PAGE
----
Judging by the shared structures, I suspect that there was a mandate each campaign would feature installation and space platform tilesets, fight each of the three races, and possibly other things I cannot recall.
    I think this is more apparent in Sc2 and BW to a lesser extent than it is in Sc1. Most of the missions in Sc are gimmick free, and changes in tilesets within each campaign are kept fairly minimal or are in-line with the current plot progression unlike in BW where one can be on a different planet on the very next mission.

    The issue of forcing of each race to fight the other and even themselves is an expected conceit to be sure, but it feels less forced/mostly justified. For the most part, Rebel Yell is about Terrans fighting other Terrans where the Zerg and the limited use of the Protoss are used as a plot device in service of that. The Protoss inclusion in Rebel Yell is gimmicky and sticks out but it's important in setting up later plot developments. In Overmind, the Zerg start off going through what's left of the Terrans but are largely focused against the Protoss for the most part. The Zerg vs Zerg is a gimmicky inclusion, but that is important in showing us how the Zerg can be defeated. The story of The Fall is less about the Protoss vs Zerg than it is about Protoss vs Protoss and that's because it's informed by the manual backstory of the Protoss race. The Protoss engage the Zerg in an obligatory way because the Zerg forced the issue in the first place, but the Zerg aren't really the focus. There are no forced Protoss vs Terran engagements in that campaign (the incident with Duke can be easily sidestepped/not triggered) either.

    Quote Originally Posted by Mislagnissa View Post
    The underlying narrative problem is that the overarching story does not have a coherent point to it.
    The point of the story is to have the three races engage each other by exploring the nature of each of the races through a focused lens. That's it. The story isn't supposed to be a thesis or musing on grand themes even though there are bits of this to add flavour/foster the illusion of depth to some of the goings-on in the story.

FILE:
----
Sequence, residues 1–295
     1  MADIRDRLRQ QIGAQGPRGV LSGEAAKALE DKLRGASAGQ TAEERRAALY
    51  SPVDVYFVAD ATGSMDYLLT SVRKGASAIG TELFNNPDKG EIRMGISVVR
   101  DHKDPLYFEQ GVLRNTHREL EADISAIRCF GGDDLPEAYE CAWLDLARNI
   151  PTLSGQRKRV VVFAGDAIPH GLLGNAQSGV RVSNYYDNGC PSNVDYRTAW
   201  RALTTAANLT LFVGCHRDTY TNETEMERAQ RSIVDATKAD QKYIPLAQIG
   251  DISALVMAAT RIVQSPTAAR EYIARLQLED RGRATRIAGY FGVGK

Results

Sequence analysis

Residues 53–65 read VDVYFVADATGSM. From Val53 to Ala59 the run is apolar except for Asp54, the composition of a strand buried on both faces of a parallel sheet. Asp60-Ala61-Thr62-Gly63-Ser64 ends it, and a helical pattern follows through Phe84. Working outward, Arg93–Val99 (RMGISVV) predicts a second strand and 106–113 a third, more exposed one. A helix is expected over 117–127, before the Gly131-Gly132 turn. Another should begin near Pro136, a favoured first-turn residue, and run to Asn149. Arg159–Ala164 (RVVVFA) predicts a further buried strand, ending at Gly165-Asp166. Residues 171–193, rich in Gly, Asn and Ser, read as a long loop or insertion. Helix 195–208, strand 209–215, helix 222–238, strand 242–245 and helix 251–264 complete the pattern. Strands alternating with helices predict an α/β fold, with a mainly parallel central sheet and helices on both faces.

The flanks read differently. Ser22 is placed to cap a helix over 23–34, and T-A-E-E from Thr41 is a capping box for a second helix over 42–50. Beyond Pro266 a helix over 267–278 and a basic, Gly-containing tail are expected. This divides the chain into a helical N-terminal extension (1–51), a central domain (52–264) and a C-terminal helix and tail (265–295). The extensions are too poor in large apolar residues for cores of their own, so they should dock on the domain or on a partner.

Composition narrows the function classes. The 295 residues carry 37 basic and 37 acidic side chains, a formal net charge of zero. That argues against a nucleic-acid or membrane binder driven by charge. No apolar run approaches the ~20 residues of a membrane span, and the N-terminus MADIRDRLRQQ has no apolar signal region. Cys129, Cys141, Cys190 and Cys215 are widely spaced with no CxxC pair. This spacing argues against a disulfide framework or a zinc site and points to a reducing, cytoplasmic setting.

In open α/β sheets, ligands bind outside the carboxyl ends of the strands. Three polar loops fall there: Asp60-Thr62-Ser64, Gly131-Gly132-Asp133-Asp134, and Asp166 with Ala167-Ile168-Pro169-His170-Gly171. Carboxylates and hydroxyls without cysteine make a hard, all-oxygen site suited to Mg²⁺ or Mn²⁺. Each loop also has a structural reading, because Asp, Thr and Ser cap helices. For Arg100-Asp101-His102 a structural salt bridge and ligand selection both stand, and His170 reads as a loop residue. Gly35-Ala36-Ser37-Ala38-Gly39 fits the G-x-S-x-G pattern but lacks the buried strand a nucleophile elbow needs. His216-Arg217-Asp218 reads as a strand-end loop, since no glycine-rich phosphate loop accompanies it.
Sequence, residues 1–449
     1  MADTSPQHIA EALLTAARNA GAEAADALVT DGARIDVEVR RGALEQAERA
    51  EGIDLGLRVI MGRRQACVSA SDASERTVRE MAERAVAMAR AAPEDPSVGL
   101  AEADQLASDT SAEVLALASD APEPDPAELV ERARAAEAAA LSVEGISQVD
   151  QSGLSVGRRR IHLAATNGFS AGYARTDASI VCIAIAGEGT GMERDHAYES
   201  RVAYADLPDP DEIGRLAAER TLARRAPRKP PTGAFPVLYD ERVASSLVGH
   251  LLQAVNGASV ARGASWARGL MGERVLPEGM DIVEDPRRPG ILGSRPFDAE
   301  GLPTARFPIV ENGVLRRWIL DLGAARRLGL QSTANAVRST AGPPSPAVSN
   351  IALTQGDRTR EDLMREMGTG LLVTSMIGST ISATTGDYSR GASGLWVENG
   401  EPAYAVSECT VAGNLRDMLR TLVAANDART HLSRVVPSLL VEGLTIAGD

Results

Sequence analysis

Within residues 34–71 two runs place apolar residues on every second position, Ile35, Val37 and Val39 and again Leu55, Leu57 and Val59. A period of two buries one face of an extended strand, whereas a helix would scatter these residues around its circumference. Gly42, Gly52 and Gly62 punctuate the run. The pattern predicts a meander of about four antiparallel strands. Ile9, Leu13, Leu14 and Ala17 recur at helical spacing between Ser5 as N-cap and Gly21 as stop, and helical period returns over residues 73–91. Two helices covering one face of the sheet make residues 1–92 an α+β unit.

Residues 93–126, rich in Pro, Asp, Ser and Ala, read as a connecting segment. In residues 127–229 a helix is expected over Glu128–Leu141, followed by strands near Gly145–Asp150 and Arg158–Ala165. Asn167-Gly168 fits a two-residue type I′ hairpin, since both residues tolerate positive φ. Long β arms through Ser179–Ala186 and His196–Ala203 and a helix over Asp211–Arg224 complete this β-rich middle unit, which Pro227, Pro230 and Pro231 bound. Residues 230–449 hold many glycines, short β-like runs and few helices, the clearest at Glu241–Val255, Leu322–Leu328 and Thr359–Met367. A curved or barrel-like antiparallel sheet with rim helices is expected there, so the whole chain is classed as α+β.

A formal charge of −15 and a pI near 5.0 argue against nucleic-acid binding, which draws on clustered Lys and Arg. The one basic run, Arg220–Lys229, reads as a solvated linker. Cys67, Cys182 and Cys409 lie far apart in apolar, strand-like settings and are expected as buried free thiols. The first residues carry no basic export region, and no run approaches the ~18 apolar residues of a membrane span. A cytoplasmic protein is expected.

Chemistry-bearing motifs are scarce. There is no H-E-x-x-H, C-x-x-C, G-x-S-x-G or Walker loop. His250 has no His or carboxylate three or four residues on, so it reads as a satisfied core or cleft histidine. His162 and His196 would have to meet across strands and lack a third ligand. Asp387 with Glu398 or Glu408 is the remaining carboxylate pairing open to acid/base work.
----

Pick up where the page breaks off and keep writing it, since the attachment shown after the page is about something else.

Quote Originally Posted by Mislagnissa View Post
    If Starcraft were produced in 2018, in the era of planned sequels and modern interfaces and blah blah, I highly doubt it would turn out the way it did in 1998.
    Well, duh... It's kind of needless to say that it was a product of its time but it seems like I do need to point that out.

    Quote Originally Posted by Mislagnissa View Post
    The writers probably would have done more to make each campaign stand out, tied the plot together with far more care, introduced major recurring characters (particularly memorable zerg characters) for the inevitable sequels, and probably closed on an open-ended ending rather than killing the main antagonist of the franchise immediately. At least, if Blizzard’s handling of Starcraft 2 is anything to go by.
    It's interesting that you mentioned Sc2 here because I'm pretty sure that all those sensibilities you've mentioned were thought to be genuinely incorporated into what we have now as Sc2. As much as we tend to criticise Sc2 for its failings, I do believe that the developers actually had all of this in mind and thought they were doing all of this stuff. To be fair, even though the effectiveness of each is prone to subjective bias Sc2 did actually do all this stuff (they dedicated time to make entries for each race, they tied the plot together with this growing Hybrid threat, introduced some memorable characters in each entry and kept it's first entry, WoL, open ended rather than killing the main antagonist immediately) and yet the story still turned out to be pretty hackneyed in the end anyway. It's much sadder to think that they genuinely tried and failed, which is why us fans like to instead rage and say they did all this shit on purpose and that they're all just hacks.
    Yes, that's right! That is indeed ME on the right.


    _______________________________________________

  7. #47

    Default Re: Are Dragoons "Realistic?"

    Quote Originally Posted by Turalyon View Post
    Eh, SC alone easily fulfills that 3 act structure you're talking about. BW was hardly necessary since it, too, kinda aped SC's three act structure in that it had a mostly superfluous setup first act, a second act that ended up where the main antagonist was in a seemingly unassailable lead, and a third act that resolved everything (it's just in SC, it was a typically good/happy end whereas in BW, it was an atypical for the time bad/depressing end). Another entry after BW evoking this same setup and resolving everything in a good/happy way again would be even less necessary since Sc1 already did this first all on its own. I would hardly call SC as being "setup" or a natural first part of a story trilogy.
    Ah, I wasn't quite sure where you were drawing the line. I was thinking you meant after SC, but I didn't want to assume. Anyway, no, I respectfully disagree that SC vanilla could have stood on its own. Its third act did not resolve everything I mean, it would have been okay imo (similar to me being okay with things ending after BW), but the Protoss still have a pile of unresolved issues, the Terran-Protoss issues haven't been worked out, and clearly, to judge by the inclusion of Kerrigan, they always intended a sequel. Or rather, a world, a place they could draw from to create games well into the future, rather like Command and Conquer...only that didn't work out for them, for reasons I assume had to do with turnover, and the post 2000 entropic state that is California-based writing.